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Comparing Options After High School

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The options for education and training after high school can be confusing. Here is a comparison of the most common routes for recent high school graduates.

Keep in mind that these routes are not permanent or exclusive, and choosing one route doesn’t rule out other options if a student would like to pursue an additional or different path later.

infographic, all content below
  Workforce Military Short-Term Education Apprenticeship Public Four-Year College Private Four-Year College
Description Full-time employment directly after high school Before or instead of pursuing a college education; Military academies Short professional programs; Certificate programs; 9-month, one-year, two-year college programs Up to six-year programs Rely on government funding as well as tuition and fees from students Rely on tuition, fees and private sources for funding
Average Cost $100–$1,000 $0 $5,000–$25,000 $0 $58,000–$100,000 $80,000–$150,000
Potential Earnings Starting: $23,662; Mid-career: $34,380 Starting: $20,171; Mid-career: $59,774 Starting: $30,336; Mid-career: $45,504 Starting: $27,302; Mid-career: $40,448 Starting: $40,448; Mid-career: $60,671 Starting: $40,448; Mid-career: $60,671
Required May need related job experience or certain skills ASVAB test; Fitness and health standards; Background check Requirements vary by program; Placement tests Requirements vary by program; May be minimum age; May require community college acceptance Minimum SAT/ACT score and GPA; Core high school classes; Application (sometimes with essay, interviews and letters of recommendation) Minimum SAT/ACT score and GPA; Core high school classes; Application (sometimes with essay, interviews and letters of recommendation)
Typical Jobs Accounting clerk' Animal caretakers; Childcare; Clerical, administrative, office clerk; Customer service representatives; Driver; Food services; Maintenance and janitorial; Retail worker Administration; Aviation; Combat officer; Construction; Engineering; Health care; Intelligence; Mechanical and maintenance; Public affairs and media relations Auto mechanic; Barber; Chef; Computer tech; Cosmetologist; Court reporter; Dental assistant; Fitness trainer; Nursing or home health aide; Pharmacy tech Carpenter; Electrician; HVAC installation and repair; Machinist; Mason; Pipefitter; Plumber; Sheet metal worker; Tool and die worker Airline pilot; Architect; Computer programmer; Educator; Engineer; Financial specialist; Graphic designer; Reporter or correspondent; Writer or editor Airline pilot; Architect; Computer programmer; Educator; Engineer; Financial specialist; Graphic designer; Reporter or correspondent; Writer or editor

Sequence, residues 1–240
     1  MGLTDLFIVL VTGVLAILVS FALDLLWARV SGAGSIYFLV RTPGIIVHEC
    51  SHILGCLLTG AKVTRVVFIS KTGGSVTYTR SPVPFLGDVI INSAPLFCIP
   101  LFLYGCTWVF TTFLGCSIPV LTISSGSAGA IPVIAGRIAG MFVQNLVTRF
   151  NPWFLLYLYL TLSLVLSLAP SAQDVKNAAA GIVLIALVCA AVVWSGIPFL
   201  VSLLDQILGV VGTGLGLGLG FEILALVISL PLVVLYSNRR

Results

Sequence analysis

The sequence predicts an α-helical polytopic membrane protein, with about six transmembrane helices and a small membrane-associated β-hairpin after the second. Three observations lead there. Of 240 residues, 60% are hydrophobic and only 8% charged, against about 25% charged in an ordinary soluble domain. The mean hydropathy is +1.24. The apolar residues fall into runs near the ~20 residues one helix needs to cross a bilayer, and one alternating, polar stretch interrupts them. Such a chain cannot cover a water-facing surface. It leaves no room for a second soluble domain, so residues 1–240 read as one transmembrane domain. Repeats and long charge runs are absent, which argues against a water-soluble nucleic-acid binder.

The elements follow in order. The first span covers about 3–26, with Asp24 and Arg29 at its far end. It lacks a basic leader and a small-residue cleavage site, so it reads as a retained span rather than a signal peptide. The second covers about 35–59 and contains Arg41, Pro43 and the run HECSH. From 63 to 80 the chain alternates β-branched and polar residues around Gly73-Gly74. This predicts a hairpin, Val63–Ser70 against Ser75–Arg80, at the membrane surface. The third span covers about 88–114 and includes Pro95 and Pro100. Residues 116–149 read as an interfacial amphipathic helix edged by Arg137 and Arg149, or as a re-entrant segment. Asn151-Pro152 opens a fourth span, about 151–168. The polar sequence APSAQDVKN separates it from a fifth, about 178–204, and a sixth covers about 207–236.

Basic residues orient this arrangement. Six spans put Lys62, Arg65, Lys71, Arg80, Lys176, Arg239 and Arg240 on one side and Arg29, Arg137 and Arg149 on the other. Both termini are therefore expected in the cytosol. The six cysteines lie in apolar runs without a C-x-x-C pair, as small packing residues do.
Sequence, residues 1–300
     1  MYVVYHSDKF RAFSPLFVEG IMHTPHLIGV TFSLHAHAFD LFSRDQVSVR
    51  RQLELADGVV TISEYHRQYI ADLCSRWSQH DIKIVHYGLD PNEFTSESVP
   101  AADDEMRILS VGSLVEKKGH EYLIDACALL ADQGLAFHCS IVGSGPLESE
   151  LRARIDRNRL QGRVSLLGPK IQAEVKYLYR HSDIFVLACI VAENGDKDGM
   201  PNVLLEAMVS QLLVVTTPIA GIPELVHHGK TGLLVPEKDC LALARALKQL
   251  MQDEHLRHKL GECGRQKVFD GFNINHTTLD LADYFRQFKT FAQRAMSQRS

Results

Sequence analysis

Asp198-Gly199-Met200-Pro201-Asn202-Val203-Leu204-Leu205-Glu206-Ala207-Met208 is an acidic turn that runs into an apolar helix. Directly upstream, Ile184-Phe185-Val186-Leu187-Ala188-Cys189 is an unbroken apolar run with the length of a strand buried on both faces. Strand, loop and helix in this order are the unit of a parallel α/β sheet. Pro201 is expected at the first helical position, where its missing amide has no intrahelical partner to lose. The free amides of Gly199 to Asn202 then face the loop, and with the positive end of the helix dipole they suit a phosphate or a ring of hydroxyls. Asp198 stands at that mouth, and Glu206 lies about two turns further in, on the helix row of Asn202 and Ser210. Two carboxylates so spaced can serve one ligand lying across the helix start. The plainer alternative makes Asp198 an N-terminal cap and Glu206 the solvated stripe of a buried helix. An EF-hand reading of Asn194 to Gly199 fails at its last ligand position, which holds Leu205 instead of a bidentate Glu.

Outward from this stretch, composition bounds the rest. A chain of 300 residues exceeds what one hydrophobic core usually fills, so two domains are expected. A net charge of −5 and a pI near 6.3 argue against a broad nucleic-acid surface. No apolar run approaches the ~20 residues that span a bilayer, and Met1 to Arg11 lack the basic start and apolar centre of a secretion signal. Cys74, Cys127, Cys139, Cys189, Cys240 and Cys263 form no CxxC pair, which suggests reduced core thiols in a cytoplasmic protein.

Sources:
  • Average Cost of Workforce includes the cost of work clothes, transportation to interviews and printing resumes.
  • Average Cost of Public and Private Four-Year College are based on the 2018–2019 net lowest and highest cost of attendance (after discounts on the published costs) per year multiplied by four years.
  • All other Average Cost information is based on figures available online for Iowa programs.
  • Potential Earnings for Workforce are the 25th and 50th percentile salaries from U.S. Census Bureau 2017 PUMS data (1 year sample) – educational attainment up to high school diploma.
  • Potential Earnings for Military are private (E1) and first lieutenant (O2) from https://www.goarmy.com/benefits/money/basic-pay-active-duty-soldiers.html.
  • Potential Earnings for Short-Term Education are the 25th and 50th percentile salaries from U.S. Census Bureau 2017 PUMS data (1 year sample) – educational attainment of associate degree.
  • Potential Earnings for Apprenticeship are the 25th and 50th percentile salaries from U.S. Census Bureau 2017 PUMS data (1 year sample) – educational attainment of some college.
  • Potential Earnings for Public and Private Four-Year College are the 25th and 50th percentile salaries from U.S. Census Bureau 2017 PUMS data (1 year sample) – educational attainment of bachelor’s degree.

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